It's almost inevitable in any Ruby Project - you hit that stage where your logic starts getting more complex, you start doing more stuff that needs to happen but doesn't have to happen in the foreground - or you just want things to be faster.
You move your logic out into workers and do the work in the background.
This talk is going to be all about Sidekiq - a threaded background job implementation written in Ruby - and, in two parts: How you can use it and how you can bend it to your will.
Part 1: Intro to Sidekiq
The boring: a brief introduction to sidekiq, how it works - what it's advantages are. The stuff you need to know about it, why it's useful to consider - even if you're using CRuby / MRI.
Part 2: Hacking Sidekiq
The cooler part - once you know what Sidekiq is, I'm going to show how you can use Sidekiq in your product, how you can extend it and bend it to your will. I'll go into how it implements itself in ruby land and how it interacts with the Redis.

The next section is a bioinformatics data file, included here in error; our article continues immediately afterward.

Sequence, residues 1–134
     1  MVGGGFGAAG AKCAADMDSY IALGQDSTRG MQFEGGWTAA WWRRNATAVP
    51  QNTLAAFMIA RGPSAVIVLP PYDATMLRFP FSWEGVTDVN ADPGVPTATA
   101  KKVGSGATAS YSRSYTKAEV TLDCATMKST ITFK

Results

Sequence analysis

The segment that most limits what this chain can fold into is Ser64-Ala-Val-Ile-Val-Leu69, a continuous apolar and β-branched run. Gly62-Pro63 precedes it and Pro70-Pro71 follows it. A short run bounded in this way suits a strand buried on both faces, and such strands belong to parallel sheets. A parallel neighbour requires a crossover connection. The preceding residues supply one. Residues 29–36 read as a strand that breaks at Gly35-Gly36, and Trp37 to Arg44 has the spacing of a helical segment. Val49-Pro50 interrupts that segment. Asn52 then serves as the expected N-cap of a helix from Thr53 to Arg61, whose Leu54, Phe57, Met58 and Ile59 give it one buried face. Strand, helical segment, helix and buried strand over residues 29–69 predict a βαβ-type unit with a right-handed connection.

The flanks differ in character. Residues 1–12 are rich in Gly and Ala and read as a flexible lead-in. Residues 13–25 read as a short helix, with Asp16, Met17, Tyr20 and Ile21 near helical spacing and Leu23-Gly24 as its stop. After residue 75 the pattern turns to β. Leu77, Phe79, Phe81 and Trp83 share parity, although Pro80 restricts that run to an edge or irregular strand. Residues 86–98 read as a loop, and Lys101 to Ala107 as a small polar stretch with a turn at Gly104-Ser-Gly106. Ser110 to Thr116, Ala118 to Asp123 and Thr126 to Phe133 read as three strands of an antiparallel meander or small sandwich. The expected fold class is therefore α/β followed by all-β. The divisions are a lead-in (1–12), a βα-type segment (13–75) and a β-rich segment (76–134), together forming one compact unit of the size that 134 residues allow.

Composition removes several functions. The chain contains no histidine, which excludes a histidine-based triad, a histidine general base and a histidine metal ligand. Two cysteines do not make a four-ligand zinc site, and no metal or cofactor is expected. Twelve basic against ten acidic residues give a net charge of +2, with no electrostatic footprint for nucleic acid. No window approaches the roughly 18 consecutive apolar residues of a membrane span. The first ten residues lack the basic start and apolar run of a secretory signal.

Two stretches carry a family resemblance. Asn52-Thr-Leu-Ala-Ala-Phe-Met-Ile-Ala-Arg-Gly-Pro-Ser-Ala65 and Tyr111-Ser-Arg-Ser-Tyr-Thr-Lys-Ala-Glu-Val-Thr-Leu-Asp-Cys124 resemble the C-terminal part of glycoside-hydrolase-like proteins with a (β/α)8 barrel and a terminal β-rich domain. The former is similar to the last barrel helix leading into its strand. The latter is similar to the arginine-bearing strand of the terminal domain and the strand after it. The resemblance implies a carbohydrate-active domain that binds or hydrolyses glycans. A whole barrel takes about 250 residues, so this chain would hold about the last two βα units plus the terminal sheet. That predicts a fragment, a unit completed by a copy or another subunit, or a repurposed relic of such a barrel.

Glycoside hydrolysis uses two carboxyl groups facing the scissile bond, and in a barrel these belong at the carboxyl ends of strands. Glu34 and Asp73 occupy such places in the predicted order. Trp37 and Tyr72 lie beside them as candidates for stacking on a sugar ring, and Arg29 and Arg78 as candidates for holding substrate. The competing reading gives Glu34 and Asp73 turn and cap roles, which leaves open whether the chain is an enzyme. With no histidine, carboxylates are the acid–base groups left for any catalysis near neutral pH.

I'll show how you can use the existing middleware (and write your own) to add behaviour to your code, patterns we've found useful for implementing and testing workers as well as the even more interesting side - using Lua support in Redis to implement stuff in Sidekiq.
I want to encourage developers to look at extending their tool set to work better with not just ruby - to become comfortable with how they work internally (e.g. you should really learn how to love redis) and what you really need to be careful of (e.g. bugs that manifest when the site is under less load than usual - a real world example of going too far).
Finally, I'll end with an important question: Why not just use a proper message queue?